HIV specialist and leading infectious diseases physician John G. Bartlett, MD, doesn’t mince words when you ask him about what his AIDS patients faced in the early days of the epidemic.
“They were the scourge of society – people didn’t like them because they were either gay or injection drug users, and there was a fear of contagion, that if you were in the same room with someone with AIDS you might get AIDS… They had diarrhea and dementia and wasting. It was an awful way to die. And besides that, everyone around you hated you. Can you imagine living to die that way?”
Dr. Bartlett became a ray of hope for people living with HIV/AIDS. He directed some of the first clinical trials of new treatments that prevent HIV from replicating, and pioneered the development of dedicated in-patient and out-patient medical care for HIV-infected patients.
In our third interview in a Science Speaks series commemorating 30 years of AIDS, Dr. Bartlett speaks frankly about hiding his treatment of AIDS patients from hospital administrators in the early ‘80s, key scientific breakthroughs over the years, and his views on the President’s Emergency Plan for AIDS Relief (PEPFAR) program moving forward.
We have an enormous obligation to address the needs of other countries because we can, Executive Director of the U.S. Global Health Initiative (GHI) Lois Quam said at a Kaiser Family Foundation briefing Wednesday. “But we’re going to have to create new money by being more effective and efficient.”
It’s a familiar tune in the current economy.
But global health advocates are eager to see what changes the president’s ambitious six-year, $63 billion initiative is inciting on the ground – especially when many questions remain about what the GHI is and how it’s different from the programs previously in place.
The Kaiser event addressed some of these questions by exploring the rollout of the GHI…
The following is the fourth installment in a Science Speaks series commemorating the 30th anniversary of the first scientific reports of what would become known as HIV/AIDS in June of 1981. John Donnelly reports on some important memories revealed by Dr. Eric Goosby of the Office of the Global AIDS Coordinator, responsible for running the President’s Emergency Plan for AIDS Relief (PEPFAR) program.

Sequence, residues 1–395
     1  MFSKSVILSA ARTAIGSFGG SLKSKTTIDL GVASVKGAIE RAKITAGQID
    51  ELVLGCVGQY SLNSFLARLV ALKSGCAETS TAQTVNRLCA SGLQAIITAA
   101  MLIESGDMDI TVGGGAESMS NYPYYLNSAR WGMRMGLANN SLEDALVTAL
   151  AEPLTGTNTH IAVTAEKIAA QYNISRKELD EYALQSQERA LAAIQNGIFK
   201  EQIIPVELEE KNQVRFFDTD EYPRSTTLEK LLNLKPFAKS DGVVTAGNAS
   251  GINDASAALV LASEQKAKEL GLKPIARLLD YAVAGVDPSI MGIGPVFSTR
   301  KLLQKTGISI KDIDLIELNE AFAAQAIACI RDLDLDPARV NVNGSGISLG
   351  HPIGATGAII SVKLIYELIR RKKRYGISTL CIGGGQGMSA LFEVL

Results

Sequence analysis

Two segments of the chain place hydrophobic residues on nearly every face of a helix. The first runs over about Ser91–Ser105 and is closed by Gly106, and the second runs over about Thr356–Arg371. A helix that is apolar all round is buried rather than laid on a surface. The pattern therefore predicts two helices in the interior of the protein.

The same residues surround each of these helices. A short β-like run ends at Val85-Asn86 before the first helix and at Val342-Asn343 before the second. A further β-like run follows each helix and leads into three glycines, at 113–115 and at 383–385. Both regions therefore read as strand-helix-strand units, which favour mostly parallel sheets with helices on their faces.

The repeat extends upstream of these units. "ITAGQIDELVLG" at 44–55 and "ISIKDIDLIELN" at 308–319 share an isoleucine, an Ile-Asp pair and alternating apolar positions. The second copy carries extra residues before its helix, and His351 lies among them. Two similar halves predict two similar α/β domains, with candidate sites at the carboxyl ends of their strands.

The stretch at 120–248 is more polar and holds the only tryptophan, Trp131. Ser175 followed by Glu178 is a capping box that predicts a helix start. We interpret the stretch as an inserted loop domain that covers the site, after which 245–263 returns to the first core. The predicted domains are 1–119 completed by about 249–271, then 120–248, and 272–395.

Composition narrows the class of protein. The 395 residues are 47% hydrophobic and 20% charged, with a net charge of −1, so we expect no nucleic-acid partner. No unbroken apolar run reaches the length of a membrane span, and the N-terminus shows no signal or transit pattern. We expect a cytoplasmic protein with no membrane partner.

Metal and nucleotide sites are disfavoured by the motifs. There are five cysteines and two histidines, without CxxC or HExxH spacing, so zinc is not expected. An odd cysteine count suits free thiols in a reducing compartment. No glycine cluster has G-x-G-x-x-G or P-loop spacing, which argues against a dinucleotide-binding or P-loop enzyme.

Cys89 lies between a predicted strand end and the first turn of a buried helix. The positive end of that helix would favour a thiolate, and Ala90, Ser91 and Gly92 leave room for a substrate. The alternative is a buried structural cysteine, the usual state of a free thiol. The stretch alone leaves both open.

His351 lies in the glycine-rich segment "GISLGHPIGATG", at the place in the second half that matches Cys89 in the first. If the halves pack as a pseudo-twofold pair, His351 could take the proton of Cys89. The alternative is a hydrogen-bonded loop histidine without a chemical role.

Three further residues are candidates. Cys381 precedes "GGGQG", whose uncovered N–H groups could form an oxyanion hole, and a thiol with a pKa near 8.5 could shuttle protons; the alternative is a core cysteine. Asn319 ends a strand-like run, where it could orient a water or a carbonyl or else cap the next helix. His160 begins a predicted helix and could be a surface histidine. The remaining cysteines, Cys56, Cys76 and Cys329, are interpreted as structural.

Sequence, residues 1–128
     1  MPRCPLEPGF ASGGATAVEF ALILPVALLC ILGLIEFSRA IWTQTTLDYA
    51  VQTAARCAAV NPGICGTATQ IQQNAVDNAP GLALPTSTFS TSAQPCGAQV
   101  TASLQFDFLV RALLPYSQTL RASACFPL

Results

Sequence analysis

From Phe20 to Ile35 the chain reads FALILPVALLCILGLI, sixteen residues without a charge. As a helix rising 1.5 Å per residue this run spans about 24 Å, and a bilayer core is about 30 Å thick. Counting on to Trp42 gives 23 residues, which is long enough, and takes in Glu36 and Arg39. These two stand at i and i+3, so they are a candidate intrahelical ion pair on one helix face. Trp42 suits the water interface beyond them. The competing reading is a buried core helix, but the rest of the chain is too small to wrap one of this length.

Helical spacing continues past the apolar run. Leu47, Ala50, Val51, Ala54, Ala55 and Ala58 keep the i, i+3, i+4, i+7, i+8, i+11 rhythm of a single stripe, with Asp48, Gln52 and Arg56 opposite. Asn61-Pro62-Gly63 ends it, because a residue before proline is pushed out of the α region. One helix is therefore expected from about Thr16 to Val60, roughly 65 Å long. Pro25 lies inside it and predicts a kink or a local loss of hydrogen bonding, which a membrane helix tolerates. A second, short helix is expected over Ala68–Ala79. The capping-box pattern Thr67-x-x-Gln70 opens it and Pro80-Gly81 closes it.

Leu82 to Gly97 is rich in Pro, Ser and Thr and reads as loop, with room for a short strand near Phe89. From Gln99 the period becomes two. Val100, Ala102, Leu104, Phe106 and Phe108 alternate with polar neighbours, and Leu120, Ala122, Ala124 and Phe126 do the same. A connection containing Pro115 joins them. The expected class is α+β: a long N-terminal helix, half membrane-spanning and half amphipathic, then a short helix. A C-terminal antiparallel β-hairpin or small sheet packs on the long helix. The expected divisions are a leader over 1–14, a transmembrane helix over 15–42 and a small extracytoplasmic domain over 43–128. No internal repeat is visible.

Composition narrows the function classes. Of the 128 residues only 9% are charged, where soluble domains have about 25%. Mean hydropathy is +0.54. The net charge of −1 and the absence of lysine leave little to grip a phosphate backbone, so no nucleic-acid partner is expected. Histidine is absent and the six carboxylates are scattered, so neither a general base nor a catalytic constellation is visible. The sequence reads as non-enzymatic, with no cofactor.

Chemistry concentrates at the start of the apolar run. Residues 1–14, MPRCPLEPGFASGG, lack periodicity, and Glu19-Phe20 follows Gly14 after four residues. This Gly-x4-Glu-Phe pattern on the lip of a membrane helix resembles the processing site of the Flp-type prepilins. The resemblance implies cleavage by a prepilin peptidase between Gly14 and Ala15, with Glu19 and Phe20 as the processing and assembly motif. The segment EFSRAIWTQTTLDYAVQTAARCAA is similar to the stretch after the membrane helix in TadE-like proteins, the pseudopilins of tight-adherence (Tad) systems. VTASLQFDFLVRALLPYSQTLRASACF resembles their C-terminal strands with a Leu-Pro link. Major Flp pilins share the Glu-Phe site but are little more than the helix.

A young child from the Democratic Republic of Congo recently diagnosed with HIV/AIDS in April 2010.When Dr. Eric Goosby, the U.S. global AIDS ambassador, opened a roundtable discussion with journalists this week, he said he welcomed the chance to reflect on the 30 years since the publication of a report describing what would later be known as AIDS. He opened the meeting by showing a picture of a two-year-old girl from the Democratic Republic of Congo.
She looked desperate, malnourished, and she tested positive for HIV.
U.S. Global AIDS Ambassador Dr. Eric Goosby said today the Obama Administration is in the midst of a “rigorous internal discussion” on responding to the National Institutes of Health-funded study that confirmed treating HIV-positive people with antiretroviral (ARV) drugs dramatically reduces the risk of transmitting the virus. Asked about comments from Dr. Anthony Fauci, Director […]
Helen Epstein is a freelance writer and independent consultant in public health. Her articles have appeared in The New York Review of Books, The New York Times Magazine, Granta and elsewhere. Her book The Invisible Cure: Why we are Losing the Fight against AIDS in Africa was a New York Times notable book of 2007. She has taught public health at Columbia University and Bard College, and has served as a consultant for numerous organizations including UNICEF, The World Bank and Human Rights Watch. John Donnelly interviewed Epstein as part of Science Speaks’ series on the 30th anniversary of the first reports of what would become known as HIV/AIDS. She talked about the role discordant couples and concurrent relationships play in driving the epidemic, a hotly debated issue.